The theistic traditions posit that it is possible to understand the Sacred Texts by the will of God, who reveals them. In the atheistic Mīmāṃsā, on the other hand, the possibility of understanding is based on our linguistic expertise: We have to rely on worldly meanings of words when reading the Sacred Texts since we have no other key to their interpretation. Hence, the mastery of worldly meanings is a pre-condition for the understanding of a Sacred Text. But what if that text prescribes a kind of duty which is fully new (apūrva), unprecedented, that is, non-attainable through any other (worldly) kind of knowledge? Should it not remain beyond any possible grasp?
This issue raises thought-provoking questions for all theological discourse. How can the non-human be expressed in terms accessible to human beings?
Let me now sketch the problem and its solution within Tantrarahasya IV.
Rāmānujācārya lets a Prābhākara propose the option that even in worldly sentences prescribing something to be done, what one grasps is the pure ``ought", so that one can grasp the ought in itself even in mundane commands (TR IV 9.6). Rāmānujācārya dissents. According to him, it is only through its link to action, which can be experienced even in this world, that we can understand what an ought means, and, hence, understand it even in its apūrva-garb in the Sacred Texts. Thus, Rāmānujācārya confirms the Mīmāṃsā commitment to our common experience even in regard to the Veda.
This final position of Rāmānujācārya has linguistic roots. According to both the Bhāṭṭa and the Prābhākara school of Mīmāṃsā, the relation betweeen a word and the entity it means is fixed (nitya). Nonetheless, this does not mean that everyone, upon hearing for the first time a word, automatically understands its meaning.
Rather, one needs first to acquire proficiency in language through exposure to the usage of elders and through witnessing the connection of this verbal usage to physical actions (both these aspects may be referred to as vyavahāra). E.g., after having heard one's grandfather ordering:“Bring [the] cow!," one sees one's father bringing a cow. Through many similar instances, one eventually learns the meaning of the words “Bring!” and “cow”.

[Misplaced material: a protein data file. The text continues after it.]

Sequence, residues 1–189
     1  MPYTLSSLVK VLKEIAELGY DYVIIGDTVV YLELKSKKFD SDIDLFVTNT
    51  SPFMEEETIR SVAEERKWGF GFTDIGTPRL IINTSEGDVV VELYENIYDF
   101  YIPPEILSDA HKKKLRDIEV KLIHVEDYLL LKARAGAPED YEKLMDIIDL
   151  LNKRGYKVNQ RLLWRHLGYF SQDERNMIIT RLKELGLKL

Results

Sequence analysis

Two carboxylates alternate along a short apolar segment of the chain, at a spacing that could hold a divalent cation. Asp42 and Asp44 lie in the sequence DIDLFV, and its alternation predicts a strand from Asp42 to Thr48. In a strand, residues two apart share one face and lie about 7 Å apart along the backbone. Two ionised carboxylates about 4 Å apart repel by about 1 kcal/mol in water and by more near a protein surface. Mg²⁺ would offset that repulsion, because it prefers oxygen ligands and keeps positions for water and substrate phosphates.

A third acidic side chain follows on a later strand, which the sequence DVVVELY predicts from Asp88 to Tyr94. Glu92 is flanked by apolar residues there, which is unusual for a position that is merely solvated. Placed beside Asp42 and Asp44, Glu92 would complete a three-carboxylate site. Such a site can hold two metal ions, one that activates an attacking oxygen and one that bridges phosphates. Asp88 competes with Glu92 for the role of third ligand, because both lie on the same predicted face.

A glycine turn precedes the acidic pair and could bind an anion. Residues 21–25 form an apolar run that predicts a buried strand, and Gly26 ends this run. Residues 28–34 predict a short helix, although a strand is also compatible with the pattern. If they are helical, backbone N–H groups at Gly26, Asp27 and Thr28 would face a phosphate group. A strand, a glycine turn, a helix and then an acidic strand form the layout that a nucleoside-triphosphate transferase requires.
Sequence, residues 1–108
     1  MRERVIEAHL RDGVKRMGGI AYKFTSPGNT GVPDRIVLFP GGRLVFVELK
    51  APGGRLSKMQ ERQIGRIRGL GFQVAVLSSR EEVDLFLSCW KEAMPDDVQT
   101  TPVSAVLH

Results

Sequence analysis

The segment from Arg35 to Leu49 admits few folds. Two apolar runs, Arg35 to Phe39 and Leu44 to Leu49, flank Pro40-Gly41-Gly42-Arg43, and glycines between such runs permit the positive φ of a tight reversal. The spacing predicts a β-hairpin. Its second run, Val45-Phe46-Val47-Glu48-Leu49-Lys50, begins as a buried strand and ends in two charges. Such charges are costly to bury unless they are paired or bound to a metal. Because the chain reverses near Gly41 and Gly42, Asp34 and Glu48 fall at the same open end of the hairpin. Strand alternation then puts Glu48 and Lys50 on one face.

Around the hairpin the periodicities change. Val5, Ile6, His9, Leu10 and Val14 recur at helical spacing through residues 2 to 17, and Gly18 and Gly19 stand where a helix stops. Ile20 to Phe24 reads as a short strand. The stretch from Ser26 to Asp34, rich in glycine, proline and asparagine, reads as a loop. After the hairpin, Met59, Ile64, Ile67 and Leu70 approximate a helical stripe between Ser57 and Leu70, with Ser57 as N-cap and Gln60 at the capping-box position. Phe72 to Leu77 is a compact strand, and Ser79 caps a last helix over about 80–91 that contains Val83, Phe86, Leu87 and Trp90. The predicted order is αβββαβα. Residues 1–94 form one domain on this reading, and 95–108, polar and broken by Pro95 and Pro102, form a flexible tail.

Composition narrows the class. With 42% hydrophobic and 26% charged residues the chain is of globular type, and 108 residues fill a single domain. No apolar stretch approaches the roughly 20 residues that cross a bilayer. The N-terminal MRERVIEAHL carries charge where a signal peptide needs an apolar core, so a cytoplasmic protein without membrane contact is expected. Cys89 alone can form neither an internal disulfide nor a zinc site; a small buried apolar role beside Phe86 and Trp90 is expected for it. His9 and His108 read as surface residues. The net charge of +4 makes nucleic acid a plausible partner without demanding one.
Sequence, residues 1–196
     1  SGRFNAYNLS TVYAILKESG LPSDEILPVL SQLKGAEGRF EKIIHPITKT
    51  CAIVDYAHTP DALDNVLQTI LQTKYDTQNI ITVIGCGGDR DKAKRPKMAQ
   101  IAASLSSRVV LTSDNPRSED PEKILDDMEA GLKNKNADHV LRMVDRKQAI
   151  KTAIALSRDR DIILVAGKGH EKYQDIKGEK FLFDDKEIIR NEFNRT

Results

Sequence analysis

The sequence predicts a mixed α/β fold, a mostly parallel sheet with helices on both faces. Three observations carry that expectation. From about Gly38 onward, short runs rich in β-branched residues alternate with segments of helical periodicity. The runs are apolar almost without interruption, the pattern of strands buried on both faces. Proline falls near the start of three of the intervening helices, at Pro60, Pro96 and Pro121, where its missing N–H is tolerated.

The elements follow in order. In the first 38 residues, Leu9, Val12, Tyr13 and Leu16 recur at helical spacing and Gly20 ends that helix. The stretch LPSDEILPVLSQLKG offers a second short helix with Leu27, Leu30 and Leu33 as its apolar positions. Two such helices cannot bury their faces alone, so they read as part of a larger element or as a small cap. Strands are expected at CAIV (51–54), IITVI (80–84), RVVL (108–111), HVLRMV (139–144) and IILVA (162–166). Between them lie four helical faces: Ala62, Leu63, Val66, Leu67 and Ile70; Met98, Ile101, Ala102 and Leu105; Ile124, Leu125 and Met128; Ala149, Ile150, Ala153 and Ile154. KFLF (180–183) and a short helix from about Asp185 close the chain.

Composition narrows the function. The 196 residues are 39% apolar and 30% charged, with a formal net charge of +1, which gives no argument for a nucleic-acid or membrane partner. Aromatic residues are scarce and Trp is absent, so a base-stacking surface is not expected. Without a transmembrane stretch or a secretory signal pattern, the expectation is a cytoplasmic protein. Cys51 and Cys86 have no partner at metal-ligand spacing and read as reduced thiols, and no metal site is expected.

However, according to the Prābhākara Mīmāṃsā, the meaning conveyed by the Veda is a duty (kārya) that is unprecedented (apūrva). Hence, how could it be possible to learn the relation between a word and a meaning in the case of an unprecedented duty (apūrvakārya) through the usage of one's seniors? And if this is not possible, how could one understand the meaning of the Vedic words referring to it?
In fact, the relation between Vedic words and the unprecedented duty is fixed, but a meaning can be grasped only by people who have previously understood, by means of the linguistic usage of senior speakers, the relation between the signifiying word and its meaning. Hence, a relation lying beyond the possibility of being grasped in the usage of senior speakers would be fixed, but unattainable and useless for human beings. Nor can it be said that one can learn the meaning of Vedic words referring to an apūrvakārya through the Veda itself, as in this case there would be a vicious circle (the elders' usage would depend on the Veda, whose understanding depends on the elders' usage).
For some tables on this topic, see here.